Experts in the field assumed it was fake but after passing through a barrage of tests University of Florida forensic scientists believe that the etched image of a walking mammoth carved into fossilized bone is America’s oldest known piece of artwork.

Walking Mammoth, Fossilized bone, 11,000 BCE
photo: National Geographic

Fossil hunter James Kennedy had the 15-inch fossil in a box under his sink for a few years before, when cleaning it up, he noticed an image carved into the bone. Some 13,000 years ago when gigantic beasts roamed what is now Florida a nomadic ice age hunter carved this image of a walking mammoth. What is remarkable is that no other such artifacts have been found. With this discovery no doubt some very old bones will garner a closer look.

 Movie Still, 10,000 BC, 2008


Thursday, July 14, 2011

Starting a New Painting

Sandpaper and Gesso: A Fresh Start

Sometimes gesso and sandpaper are the best solution for a stalled painting. I just prepared the ground to begin this painting with a fresh start. To help get me into a centered and holy painting attitude I Googled "Tibetan Sacred Painting" and on Oregon Art Beat I found this short inspiring video about Thangka Painter, Sanje Elliot.

Thangka Painter, Sanje Elliot

Wednesday, July 6, 2011

A Very Brief History of Tempra Painting

 Judgement Before Osiris, Tempera on Papyus, 1285 B.C.

Ever since I noticed the sweet $152.00 egg tempera set in the nice wood case in the Daniel Smith catalog I think I need it. I like to think that in a past life I was a medieval manuscript illuminator. 

 Primavera, Sandro Botticelle, Tempera on panel, 1482

Why start painting with a new medium at this point?

Russian Icon, Tempera on panel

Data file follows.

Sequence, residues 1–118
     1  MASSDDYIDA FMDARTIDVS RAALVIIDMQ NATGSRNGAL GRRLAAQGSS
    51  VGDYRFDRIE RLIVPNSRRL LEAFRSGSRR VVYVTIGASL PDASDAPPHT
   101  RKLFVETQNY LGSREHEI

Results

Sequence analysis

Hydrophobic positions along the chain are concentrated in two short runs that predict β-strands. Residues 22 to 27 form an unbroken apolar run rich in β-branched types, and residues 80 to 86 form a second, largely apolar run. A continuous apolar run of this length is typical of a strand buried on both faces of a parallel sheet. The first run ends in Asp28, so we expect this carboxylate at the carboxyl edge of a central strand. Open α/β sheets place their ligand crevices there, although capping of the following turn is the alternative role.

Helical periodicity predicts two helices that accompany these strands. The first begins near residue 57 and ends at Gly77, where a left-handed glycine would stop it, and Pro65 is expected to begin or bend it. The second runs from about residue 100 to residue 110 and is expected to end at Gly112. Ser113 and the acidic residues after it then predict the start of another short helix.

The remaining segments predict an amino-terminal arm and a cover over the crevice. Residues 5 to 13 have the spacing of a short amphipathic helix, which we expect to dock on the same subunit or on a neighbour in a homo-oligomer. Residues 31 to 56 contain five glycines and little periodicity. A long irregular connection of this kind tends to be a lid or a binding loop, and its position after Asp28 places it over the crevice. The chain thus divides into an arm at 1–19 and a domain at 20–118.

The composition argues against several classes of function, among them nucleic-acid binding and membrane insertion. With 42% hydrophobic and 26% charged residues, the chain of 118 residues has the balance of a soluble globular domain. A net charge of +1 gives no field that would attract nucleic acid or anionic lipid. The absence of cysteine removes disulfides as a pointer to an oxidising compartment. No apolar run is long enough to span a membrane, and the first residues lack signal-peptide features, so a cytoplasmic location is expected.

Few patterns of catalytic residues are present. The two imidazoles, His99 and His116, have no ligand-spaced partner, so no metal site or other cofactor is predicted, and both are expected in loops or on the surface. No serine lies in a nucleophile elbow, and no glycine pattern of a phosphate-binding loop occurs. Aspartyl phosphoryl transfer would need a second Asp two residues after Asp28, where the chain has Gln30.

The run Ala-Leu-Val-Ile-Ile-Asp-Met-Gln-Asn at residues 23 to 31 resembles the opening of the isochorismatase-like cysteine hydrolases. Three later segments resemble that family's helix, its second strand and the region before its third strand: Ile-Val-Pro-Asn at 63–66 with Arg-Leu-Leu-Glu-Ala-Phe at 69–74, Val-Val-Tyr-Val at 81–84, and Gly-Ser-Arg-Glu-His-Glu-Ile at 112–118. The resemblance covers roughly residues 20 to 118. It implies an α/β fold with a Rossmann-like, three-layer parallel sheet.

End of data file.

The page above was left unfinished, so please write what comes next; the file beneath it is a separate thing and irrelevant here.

Because I love the light clean quality of the medium of the medieval manuscript painters, early Renaissance painters, Russian icon painters, Egyptians and Pre-Raphaelites… and Andrew Wyeth.

 Crown of Flowers, Andrew Wyeth, Tempera on paper, 1973

Monday, June 27, 2011

Ai Weiwei: Middle Finger, Tiananmen Square.

Thanks at least in part to global pressure, not only from ambassadors and human rights activists, but from leaders in the art world and people like New York City's Mayor Bloomberg, Chinese authorities agreed to release the artist Ai Weiwei. But why would the Chinese arrest their most famous artist? Take a look at Ai Weiwei's work and its a pretty easy guess. Ai Weiwei uses contemporary art as a vehicle to express singularly bold social criticism.

Middle Finger Tiananmen Square, photo: Ai Weiwei

One piece that put Ai Weiwei on the wrong side of Chinese authorities was his installation, Remembering, at the Haus der Kundst museum in Munich. The piece commemorated the tragic deaths of school children during the Sichuan, China earthquake of 2008. 

 Remembering, Installation, Ai Weiwei 2009

It is widely believed that the reason so many school children were killed was because the schools that collapsed on top of them during the earthquake were poorly constructed due to corruption. Ai Weiwei visited Sichuan after the earthquake where he observed debris littered with children's school things. That inspired him to create a message using 9,000 colorful children's backpacks to spell out, "She lived happily for seven years in this world", a quote from the mother of one of the lost children.